Biology of Human Hair: Know Your Hair to Control It

Fig. 1 Amino acid content of human hair of diverse ethnic origins (lM/g) (adapted from [1, 2, 18, 19])

shade of colour in each individual depends not only on which melanin is present, but also its quantity and the site, number and shape of pigment granules in the hair cortex (Cx) [17]. Vacuolated cells may also be present along the axis of coarser a-keratin fibres, forming the medulla. These cells generally constitute only a small percentage of the mass of hair and are believed to contribute negligibly to the mechanical properties of human hair fibres. Physically, the medulla forms the empty space of the fibre [4, 7]. Like all polymeric structures, keratin fibres consist of long, tightly bound molecular chains held together in many different ways from covalent bonds to weaker interactions such as hydrogen bonds, Coloumbic interactions, van der Walls interactions and, when water is present, hydrophobic bonds. Hair reactivity is complex and depends not only on the presence of reactive groups in the fibre, but also on their availability. The latter is significantly affected by fibre morphology and molecular structure [2]. Hair is mostly proteinaceous in nature, while structural lipids and other materials represent only a minor fraction of its constituents. Human hair is usually categorised ethnically into three major distinct groups: Asian, Caucasian and African. Looking from the perspective of biological variability, environmental effects and diversity of fibre texture, it is remarkable how uniformly the amino acid makeup of protein components is across ethnic groups. The amino acid makeup of the protein components was reviewed by Wolfram and is depicted in Fig. 1 [1, 2, 18, 19].

2 Biology of Human Hair Hair is an important feature of mammalians, where hair shafts fulfill a number of different functions such as thermoregulation, collection of sensory information, protection against environmental trauma, social communication and camouflage. Each of us displays an estimated total number of 5 million hair follicles (HF), of which 80,000–150,000 are located on the scalp [20].

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Fig. 2 The human hair follicle: structure, main functional areas and concentrical layers, which constitute the typical hair

The HF (Fig. 2) is one of the most complex mini-organs of the human body with the capacity to reconstitute itself. During postnatal life, HFs show patterns of cyclic activity with periods of active growth and hair production (anagen), apoptosis-driven involution (catagen) and relative resting (telogen) [21]. These cyclic changes involve rapid remodeling of both epithelial and dermal components and suggest the presence of intrinsic stem cells. Stem cells isolated from the bulge area possess high proliferative potential in vitro [22] and the capacity to repopulate HFs, sebaceous glands and epidermis in vivo [23–27]. These transformations are

Biology of Human Hair: Know Your Hair to Control It

regulated by variations in the local milieu, based on changes in expression and/or activity of many cytokines, hormones, enzymes, neurotransmitters and their cognate receptors as well as of transcription factors that have become recognised as key mediators of HF cycling.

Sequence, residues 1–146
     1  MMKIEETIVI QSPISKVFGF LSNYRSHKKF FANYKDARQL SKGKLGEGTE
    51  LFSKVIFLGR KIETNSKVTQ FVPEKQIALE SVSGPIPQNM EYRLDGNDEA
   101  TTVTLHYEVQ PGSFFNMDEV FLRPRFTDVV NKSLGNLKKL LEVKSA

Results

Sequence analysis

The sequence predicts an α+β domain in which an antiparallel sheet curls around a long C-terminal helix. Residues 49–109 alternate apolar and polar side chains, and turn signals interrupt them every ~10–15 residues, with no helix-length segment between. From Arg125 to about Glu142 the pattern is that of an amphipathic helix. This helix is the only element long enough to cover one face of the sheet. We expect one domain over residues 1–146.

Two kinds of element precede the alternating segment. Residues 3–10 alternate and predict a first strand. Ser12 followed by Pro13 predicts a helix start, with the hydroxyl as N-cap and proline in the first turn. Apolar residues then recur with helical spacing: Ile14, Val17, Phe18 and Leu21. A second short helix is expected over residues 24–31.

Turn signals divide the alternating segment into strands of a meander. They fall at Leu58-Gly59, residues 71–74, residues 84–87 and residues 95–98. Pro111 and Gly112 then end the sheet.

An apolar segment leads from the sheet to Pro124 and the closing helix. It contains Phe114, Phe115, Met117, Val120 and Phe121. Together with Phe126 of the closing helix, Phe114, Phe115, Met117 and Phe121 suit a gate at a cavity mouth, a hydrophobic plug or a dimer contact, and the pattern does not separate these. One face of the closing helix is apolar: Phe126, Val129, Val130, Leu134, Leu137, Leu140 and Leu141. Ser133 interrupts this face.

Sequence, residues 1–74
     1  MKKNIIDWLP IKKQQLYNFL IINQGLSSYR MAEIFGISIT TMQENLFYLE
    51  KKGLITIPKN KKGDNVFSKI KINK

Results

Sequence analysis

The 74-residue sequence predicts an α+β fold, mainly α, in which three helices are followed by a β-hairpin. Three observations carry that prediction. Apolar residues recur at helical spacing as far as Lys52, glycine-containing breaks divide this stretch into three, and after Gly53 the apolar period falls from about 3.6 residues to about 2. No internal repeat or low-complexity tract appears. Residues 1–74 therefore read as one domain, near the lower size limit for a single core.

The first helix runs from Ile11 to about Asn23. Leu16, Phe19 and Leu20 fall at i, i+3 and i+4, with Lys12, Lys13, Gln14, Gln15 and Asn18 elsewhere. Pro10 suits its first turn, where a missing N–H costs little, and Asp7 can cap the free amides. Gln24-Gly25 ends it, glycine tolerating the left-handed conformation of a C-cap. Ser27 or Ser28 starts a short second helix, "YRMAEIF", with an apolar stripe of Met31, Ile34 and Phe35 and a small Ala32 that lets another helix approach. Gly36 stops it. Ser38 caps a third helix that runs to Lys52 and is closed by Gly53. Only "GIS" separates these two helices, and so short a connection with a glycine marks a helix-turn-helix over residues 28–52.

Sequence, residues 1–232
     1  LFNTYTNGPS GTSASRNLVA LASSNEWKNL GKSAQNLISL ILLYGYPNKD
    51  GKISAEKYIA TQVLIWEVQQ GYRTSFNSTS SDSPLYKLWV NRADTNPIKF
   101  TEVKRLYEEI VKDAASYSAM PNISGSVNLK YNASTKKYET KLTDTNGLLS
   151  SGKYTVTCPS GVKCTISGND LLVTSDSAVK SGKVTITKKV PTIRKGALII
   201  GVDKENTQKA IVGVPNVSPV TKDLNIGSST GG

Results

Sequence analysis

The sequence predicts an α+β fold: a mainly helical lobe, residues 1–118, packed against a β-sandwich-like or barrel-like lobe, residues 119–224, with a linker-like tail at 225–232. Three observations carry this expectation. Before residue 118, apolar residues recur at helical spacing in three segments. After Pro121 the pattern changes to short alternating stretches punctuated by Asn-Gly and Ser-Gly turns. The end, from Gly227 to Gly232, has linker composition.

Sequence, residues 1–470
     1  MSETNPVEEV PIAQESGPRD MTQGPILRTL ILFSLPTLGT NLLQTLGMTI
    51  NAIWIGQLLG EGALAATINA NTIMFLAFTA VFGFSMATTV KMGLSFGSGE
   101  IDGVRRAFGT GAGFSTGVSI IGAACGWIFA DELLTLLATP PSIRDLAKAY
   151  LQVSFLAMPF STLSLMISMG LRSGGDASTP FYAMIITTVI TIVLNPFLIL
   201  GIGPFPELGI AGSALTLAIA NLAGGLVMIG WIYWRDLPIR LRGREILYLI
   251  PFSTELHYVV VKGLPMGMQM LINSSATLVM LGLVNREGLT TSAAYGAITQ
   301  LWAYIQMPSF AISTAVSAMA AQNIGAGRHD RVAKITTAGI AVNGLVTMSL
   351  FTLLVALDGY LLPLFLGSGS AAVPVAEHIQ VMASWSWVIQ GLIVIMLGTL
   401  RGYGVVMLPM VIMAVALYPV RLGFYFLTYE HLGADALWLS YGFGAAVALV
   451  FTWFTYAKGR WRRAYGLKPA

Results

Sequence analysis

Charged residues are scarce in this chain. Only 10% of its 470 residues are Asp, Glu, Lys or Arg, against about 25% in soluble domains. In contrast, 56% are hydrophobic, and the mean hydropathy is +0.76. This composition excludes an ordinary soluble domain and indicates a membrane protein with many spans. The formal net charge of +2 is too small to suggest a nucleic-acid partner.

2.1 Hair Follicle Anatomy The HF results of interactions between epithelial, mesenchymal and neuroectodermal cell populations as well as transient migratory cells. The epithelium is divided into an upper permanent region, distal to the arrector pili muscle and an inferior region that includes the hair bulb (Fig. 2) [28]. Each HF is composed of nine distinctive epidermal layers: hair matrix (Mx), medulla (M), Cx, hair cuticle (Ce), cuticle of the inner root sheath (Ci), Huxley’s layer (Hx), Henle’s layer (He), companion layer (Cp) and outer root sheath (ORS), arranged concentrically from core to periphery, as well as two dermal tissues: dermal papilla (DP) and dermal sheath. Among these tissues, only the medulla is optional, given that some hairs have no medulla, whereas in others it is relatively large. The Cx and Ce constitute the major part of the hair shaft that penetrates the skin. Both Cx and Ce tissues undergo heavy keratinization to form the solid hair shaft. The three concentric layers located externally to the shaft constitute the inner root sheath (IRS), which is thought to support the growth and differentiation of the shaft. The innermost layer of the IRS, called the Ci, consists of thin overlapping scales facing the Ce. The Hx layer is the last layer to undergo keratinization. This layer may help other keratinized cells in terms of nutritional and informational support. Importantly, Hx is known to contribute to relieving the distortion caused by uneven keratinization of the shaft, which occurs in curly hair, for example. On the other hand, the He layer keratinizes at a very early phase of hair growth so these keratinized cells are visible at a positionally low level of the HF. He layer provides mechanical support to the most delicate part of the HF in the early stages of its development. Located within the hair bulb is a population of cells with the highest proliferation rate in the human body: the keratinocytes of the Mx. These can differentiate into trichocytes or cells of the IRS. The hair bulb in the anagen phase functions as a hair shaft producer and provides the hair shaft’s trichocytes with characteristic melanin granules. The ORS, Mx and hair shaft derive from the epithelial bulge stem cells [24, 25, 27]. Mesenchymal stem cells in the tissue sheath serve as a reservoir for new DP cells. The DP determines the size of the anagen hair bulb, the duration of anagen and hair shaft diameter [20, 29, 30]. In adult hair, DP maintains the vascular system that provides the nutritional support and hormonal regulation required for hair growth [31].